Since you have multiple paths to the same disk, you need a tool that will somehow merge these paths and tell your operating system that this is the same disk. This tool might even help you achieve a higher throughput since it can balance the reads and writes over all of the paths.

As you might already have guessed there are multiple implementations of this, usually called Multipathing I/O, MPIO or just plainly Multipath, and you will be able to find a solution natively or as an additional piece of software for most modern operating systems.

What might be less obvious is that the connection to these LUNs don’t have to behave in the same way. Depending on what you are connecting to, you have several states for that connection. Or to draw the analogy to the CX4, some paths are active and some paths are passive.

Normally a path to a CLARiiON is considered active when we are connected to the service processor that is currently serving you the LUN. CLARiiON arrays are so called “active/passive” arrays, meaning that only one service processor is in charge of a LUN, and the secondary service processor is just waiting for a signal to take over the ownership in case of a failure. The array will normally receive a signal that tells it to switch from one service processor to the other one. This routine is called a “trespass” and happens so fast that you usually don’t really notice such a failover.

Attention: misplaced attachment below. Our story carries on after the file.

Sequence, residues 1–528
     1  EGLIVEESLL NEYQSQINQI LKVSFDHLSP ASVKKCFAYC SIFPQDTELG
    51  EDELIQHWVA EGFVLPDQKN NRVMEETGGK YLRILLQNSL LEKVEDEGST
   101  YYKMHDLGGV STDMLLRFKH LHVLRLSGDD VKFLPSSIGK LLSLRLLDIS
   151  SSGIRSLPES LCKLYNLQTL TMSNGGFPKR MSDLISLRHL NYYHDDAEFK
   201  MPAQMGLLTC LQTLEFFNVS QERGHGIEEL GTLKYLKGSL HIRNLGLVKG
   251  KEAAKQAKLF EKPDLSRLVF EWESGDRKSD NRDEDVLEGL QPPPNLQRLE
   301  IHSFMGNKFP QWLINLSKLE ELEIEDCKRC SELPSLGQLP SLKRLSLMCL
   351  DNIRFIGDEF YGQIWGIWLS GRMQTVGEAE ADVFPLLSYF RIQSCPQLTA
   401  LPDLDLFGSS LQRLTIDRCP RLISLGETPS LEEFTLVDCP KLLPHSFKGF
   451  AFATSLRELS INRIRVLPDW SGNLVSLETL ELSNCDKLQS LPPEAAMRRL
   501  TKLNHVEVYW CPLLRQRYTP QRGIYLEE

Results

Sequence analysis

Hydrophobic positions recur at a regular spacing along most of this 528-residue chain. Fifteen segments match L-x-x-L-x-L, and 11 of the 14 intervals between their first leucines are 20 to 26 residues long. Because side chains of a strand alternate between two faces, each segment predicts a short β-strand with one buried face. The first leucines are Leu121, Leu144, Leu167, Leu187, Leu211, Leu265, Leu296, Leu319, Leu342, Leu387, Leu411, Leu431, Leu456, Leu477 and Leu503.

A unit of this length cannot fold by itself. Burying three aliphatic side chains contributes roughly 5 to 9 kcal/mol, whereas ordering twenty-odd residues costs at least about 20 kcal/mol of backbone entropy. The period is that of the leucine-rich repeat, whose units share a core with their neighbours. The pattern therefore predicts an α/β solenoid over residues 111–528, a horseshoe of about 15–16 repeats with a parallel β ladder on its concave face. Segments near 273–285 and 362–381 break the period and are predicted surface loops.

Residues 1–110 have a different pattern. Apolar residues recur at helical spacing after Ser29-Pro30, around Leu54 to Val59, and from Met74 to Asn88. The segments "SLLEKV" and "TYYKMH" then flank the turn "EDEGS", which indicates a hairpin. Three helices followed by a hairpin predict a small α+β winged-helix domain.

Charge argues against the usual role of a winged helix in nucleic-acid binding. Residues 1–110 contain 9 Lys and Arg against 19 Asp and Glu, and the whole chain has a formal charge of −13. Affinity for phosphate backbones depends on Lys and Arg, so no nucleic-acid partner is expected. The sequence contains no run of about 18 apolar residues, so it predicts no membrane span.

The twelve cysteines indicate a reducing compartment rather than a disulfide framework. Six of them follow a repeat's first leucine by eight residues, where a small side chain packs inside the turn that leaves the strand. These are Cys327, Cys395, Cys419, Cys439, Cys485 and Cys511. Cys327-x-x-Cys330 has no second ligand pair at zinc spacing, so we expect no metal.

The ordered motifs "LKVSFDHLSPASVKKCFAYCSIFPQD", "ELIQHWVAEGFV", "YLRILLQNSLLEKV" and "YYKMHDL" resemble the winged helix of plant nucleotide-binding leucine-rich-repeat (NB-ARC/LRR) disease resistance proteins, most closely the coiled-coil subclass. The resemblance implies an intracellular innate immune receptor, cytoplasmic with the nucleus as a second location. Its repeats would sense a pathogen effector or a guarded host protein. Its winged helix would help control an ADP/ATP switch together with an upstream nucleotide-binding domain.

When we go back to the host, the connection state will be shown as active for that connection that is routed to the active service processor, and something like “standby” or “passive” for the connection that goes to the service processor that is not serving you that LUN. Also, since you have multiple connections, it’s not unlikely that the different paths can also have other properties that are different. Things like bandwith (you may have added a faster HBA later) or latency can be different. Due to the characteristics, the target ports might need to indicate how efficient a path is. And if a failure should occur, the link status might change, causing a path to go offline.